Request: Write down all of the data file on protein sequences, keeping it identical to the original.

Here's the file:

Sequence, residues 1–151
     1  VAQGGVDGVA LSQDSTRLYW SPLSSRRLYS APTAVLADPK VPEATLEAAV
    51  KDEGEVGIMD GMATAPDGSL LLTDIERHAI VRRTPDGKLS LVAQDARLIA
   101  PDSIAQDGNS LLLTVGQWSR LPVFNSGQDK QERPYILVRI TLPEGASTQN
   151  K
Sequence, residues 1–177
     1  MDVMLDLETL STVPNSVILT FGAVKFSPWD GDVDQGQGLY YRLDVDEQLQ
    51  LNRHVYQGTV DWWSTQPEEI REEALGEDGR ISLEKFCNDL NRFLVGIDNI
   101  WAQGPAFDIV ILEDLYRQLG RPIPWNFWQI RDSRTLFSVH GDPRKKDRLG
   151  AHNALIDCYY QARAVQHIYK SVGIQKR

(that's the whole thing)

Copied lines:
Sequence, residues 1–151
     1  VAQGGVDGVA LSQDSTRLYW SPLSSRRLYS APTAVLADPK VPEATLEAAV
    51  KDEGEVGIMD GMATAPDGSL LLTDIERHAI VRRTPDGKLS LVAQDARLIA
   101  PDSIAQDGNS LLLTVGQWSR LPVFNSGQDK QERPYILVRI TLPEGASTQN
   151  K
Sequence, residues 1–177
     1  MDVMLDLETL STVPNSVILT FGAVKFSPWD GDVDQGQGLY YRLDVDEQLQ
    51  LNRHVYQGTV DWWSTQPEEI REEALGEDGR ISLEKFCNDL NRFLVGIDNI
   101  WAQGPAFDIV ILEDLYRQLG RPIPWNFWQI RDSRTLFSVH GDPRKKDRLG
   151  AHNALIDCYY QARAVQHIYK SVGIQKR